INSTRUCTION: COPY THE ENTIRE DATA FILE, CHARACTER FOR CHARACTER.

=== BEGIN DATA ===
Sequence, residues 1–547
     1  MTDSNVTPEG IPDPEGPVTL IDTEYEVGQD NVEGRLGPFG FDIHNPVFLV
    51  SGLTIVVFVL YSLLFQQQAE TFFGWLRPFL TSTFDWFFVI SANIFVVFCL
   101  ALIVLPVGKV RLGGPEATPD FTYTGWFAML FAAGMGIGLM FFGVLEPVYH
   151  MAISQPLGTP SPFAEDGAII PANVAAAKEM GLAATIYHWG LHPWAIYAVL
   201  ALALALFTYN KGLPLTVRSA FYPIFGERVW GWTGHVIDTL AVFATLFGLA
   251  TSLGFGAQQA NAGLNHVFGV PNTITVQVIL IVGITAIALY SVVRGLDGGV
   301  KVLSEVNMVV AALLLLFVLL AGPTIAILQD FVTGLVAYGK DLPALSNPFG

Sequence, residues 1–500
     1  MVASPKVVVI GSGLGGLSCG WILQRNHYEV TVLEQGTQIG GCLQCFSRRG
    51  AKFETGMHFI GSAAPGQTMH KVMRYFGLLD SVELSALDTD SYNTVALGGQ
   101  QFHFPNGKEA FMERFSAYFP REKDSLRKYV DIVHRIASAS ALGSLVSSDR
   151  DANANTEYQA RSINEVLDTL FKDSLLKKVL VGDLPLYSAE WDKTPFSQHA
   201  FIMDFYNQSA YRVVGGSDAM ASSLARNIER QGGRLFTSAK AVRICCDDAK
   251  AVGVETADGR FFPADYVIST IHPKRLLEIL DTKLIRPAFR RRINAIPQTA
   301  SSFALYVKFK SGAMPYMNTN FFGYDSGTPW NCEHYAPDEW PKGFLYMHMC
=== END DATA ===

Sequence, residues 1–547
     1  MTDSNVTPEG IPDPEGPVTL IDTEYEVGQD NVEGRLGPFG FDIHNPVFLV
    51  SGLTIVVFVL YSLLFQQQAE TFFGWLRPFL TSTFDWFFVI SANIFVVFCL
   101  ALIVLPVGKV RLGGPEATPD FTYTGWFAML FAAGMGIGLM FFGVLEPVYH
   151  MAISQPLGTP SPFAEDGAII PANVAAAKEM GLAATIYHWG LHPWAIYAVL
   201  ALALALFTYN KGLPLTVRSA FYPIFGERVW GWTGHVIDTL AVFATLFGLA
   251  TSLGFGAQQA NAGLNHVFGV PNTITVQVIL IVGITAIALY SVVRGLDGGV
   301  KVLSEVNMVV AALLLLFVLL AGPTIAILQD FVTGLVAYGK DLPALSNPFG

Sequence, residues 1–500
     1  MVASPKVVVI GSGLGGLSCG WILQRNHYEV TVLEQGTQIG GCLQCFSRRG
    51  AKFETGMHFI GSAAPGQTMH KVMRYFGLLD SVELSALDTD SYNTVALGGQ
   101  QFHFPNGKEA FMERFSAYFP REKDSLRKYV DIVHRIASAS ALGSLVSSDR
   151  DANANTEYQA RSINEVLDTL FKDSLLKKVL VGDLPLYSAE WDKTPFSQHA
   201  FIMDFYNQSA YRVVGGSDAM ASSLARNIER QGGRLFTSAK AVRICCDDAK
   251  AVGVETADGR FFPADYVIST IHPKRLLEIL DTKLIRPAFR RRINAIPQTA
   301  SSFALYVKFK SGAMPYMNTN FFGYDSGTPW NCEHYAPDEW PKGFLYMHMC